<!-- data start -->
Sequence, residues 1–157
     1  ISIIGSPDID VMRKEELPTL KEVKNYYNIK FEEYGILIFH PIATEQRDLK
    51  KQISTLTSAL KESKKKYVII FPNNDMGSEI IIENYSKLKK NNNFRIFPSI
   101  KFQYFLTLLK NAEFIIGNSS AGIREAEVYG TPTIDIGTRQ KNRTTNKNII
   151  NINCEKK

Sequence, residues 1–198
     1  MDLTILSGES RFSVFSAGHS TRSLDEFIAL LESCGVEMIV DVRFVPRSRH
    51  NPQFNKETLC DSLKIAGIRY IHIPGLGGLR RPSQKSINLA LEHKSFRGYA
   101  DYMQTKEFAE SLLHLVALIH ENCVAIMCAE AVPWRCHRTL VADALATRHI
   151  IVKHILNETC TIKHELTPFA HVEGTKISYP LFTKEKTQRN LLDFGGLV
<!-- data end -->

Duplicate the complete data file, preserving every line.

Sequence, residues 1–157
     1  ISIIGSPDID VMRKEELPTL KEVKNYYNIK FEEYGILIFH PIATEQRDLK
    51  KQISTLTSAL KESKKKYVII FPNNDMGSEI IIENYSKLKK NNNFRIFPSI
   101  KFQYFLTLLK NAEFIIGNSS AGIREAEVYG TPTIDIGTRQ KNRTTNKNII
   151  NINCEKK

Sequence, residues 1–198
     1  MDLTILSGES RFSVFSAGHS TRSLDEFIAL LESCGVEMIV DVRFVPRSRH
    51  NPQFNKETLC DSLKIAGIRY IHIPGLGGLR RPSQKSINLA LEHKSFRGYA
   101  DYMQTKEFAE SLLHLVALIH ENCVAIMCAE AVPWRCHRTL VADALATRHI
   151  IVKHILNETC TIKHELTPFA HVEGTKISYP LFTKEKTQRN LLDFGGLV